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COURTESY OF HOK

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COURTESY OF HOK

of measurement. HOK’s Toronto office spent several weeks converting the details into metric, and the other offices on the project have worked hard to adopt a metric strategy. Since 1999, the full-time librarian in HOK’s Toronto office has been responsible for maintaining a database of products and suppliers located around the world. In October 2007, the Microsoft Office Access database became available on the recently established Canadian version of KnowledgeNet. A specification writer in the Ottawa office will now be able to search the database for a drywall with a specific fire rating and with a contact name in the Ottawa region. If a suitable product is not found, the search can then be extended to the Toronto area, or even around the world. With the Canadian team having already acquired significant project experience in the Middle East, the database can search that part of the world as well. Similarly, a search can be made for a particular building code, book, or magazine. Not only does the search reveal what is in the library, but it provides a map of its exact location for easy retrieval. Contract Administration (CA) Database

COURTESY OF HOK

Although it is not being used on KAUST, it is worthwhile mentioning HOK’s computer database application for site observations and construction contract administration. The system allows speedy retrieval of site observation issued by various criteria: building, area, level, room, dates of review, subcontractor, etc. A PDA interface allows data entry in the range of fields and the web-based program can be accessed by the design team members, clients, contractors, and sub-contractors. The database can also be used in parallel with contractors’ own systems, thereby encouraging a collaborative approach and reducing disputes that may arise during the construction phase. Conclusion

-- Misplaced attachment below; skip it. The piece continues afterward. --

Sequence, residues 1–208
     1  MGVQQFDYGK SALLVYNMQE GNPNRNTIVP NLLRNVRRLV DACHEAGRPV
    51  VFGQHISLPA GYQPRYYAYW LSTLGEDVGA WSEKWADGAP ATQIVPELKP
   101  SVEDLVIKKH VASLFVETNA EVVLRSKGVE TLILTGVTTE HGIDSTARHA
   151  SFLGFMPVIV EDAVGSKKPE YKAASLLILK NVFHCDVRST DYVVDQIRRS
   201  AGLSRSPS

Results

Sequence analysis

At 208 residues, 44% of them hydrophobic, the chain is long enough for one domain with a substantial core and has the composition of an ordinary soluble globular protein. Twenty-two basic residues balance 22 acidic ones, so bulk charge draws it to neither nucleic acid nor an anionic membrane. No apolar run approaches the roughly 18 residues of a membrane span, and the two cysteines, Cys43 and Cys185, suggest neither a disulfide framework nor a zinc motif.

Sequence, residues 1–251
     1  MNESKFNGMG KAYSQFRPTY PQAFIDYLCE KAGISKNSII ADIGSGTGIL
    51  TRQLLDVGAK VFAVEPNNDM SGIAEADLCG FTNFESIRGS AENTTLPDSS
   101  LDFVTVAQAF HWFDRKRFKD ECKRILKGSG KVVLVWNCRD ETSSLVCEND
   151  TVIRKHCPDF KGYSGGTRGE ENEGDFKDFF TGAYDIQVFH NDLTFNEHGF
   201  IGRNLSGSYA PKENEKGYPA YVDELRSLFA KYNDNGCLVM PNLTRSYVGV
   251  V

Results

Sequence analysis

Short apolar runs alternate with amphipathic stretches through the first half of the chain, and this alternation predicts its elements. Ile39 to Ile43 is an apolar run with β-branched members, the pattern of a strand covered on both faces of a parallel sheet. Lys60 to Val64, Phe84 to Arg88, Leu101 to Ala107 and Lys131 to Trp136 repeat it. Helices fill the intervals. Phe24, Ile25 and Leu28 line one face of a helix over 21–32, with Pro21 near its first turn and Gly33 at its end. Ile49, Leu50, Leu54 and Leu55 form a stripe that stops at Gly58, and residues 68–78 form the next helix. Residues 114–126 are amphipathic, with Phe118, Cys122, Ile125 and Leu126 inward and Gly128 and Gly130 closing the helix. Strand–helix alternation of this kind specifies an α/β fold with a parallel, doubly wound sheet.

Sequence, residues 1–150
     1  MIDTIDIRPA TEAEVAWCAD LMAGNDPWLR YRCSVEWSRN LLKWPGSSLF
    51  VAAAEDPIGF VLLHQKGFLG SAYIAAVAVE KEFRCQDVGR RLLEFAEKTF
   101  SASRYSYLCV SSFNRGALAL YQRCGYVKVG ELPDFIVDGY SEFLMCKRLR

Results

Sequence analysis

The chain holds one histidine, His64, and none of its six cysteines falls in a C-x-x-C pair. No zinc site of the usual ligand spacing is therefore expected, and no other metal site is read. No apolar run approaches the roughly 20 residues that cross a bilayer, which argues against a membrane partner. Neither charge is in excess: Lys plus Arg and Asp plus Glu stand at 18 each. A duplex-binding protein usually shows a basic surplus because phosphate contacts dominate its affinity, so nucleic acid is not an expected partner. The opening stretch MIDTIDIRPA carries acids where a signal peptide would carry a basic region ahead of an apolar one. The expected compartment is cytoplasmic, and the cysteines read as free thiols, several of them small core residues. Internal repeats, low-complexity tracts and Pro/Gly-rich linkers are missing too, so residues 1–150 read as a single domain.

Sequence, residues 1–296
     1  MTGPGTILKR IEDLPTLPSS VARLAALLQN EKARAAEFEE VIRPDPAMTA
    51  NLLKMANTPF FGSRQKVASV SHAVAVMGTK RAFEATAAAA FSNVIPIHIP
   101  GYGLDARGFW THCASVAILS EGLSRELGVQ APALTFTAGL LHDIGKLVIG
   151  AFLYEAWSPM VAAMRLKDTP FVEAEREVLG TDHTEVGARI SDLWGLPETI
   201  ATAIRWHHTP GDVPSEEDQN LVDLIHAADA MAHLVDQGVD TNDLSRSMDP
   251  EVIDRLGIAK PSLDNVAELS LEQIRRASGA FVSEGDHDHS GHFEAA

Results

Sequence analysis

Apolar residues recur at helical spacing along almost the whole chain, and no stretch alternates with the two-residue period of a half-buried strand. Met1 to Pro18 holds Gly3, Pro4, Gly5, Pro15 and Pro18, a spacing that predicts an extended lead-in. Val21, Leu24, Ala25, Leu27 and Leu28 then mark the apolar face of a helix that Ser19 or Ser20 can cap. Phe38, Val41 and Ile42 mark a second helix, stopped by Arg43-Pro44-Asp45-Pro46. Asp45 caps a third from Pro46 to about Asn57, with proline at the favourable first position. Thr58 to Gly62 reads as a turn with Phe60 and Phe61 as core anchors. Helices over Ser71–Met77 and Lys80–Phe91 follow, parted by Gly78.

TOP AND MIDDLE STARTING AS A SKETCHUP MODEL, THE YACHT CLUB AT KAUST IN SAUDI ARABIA DEVELOPS INTO A FINAL, RENDERED VERSION OF ITSELF. ABOVE INVOLVING DOZENS OF BUILDINGS AND REPRESENTING BILLIONS OF DOLLARS IN CONSTRUCTION, THE DIVERSE HOK TEAM MUST STILL CONDUCT MEETINGS IN PERSON TO DISCUSS THE DEVELOPMENT OF THE KAUST PROJECT.

other areas of improving data management on complex projects: HOK KnowledgeNet, a Best Practice Detail Library, and the Contract Administration (CA) Database. HOK KnowledgeNet

KnowledgeNet was initiated by HOK in 1998 as a Best Practices resource for all HOK employees. It has since evolved into an intranet website providing a range of systems, procedures and resources in all aspects of HOK’s projects— from pre-design right through to construction. Collecting, organizing, and providing access to information on HOK KnowledgeNet is an ongoing activity, as is training (with the capability to stream video) to maximize use of HOK’s KnowledgeNet information. KnowledgeNet has three arms—Find, Learn and Create. The following tools can be found under the custom-designed “Standard Favorites” located on the HOK intranet website. Best Practice Detail Library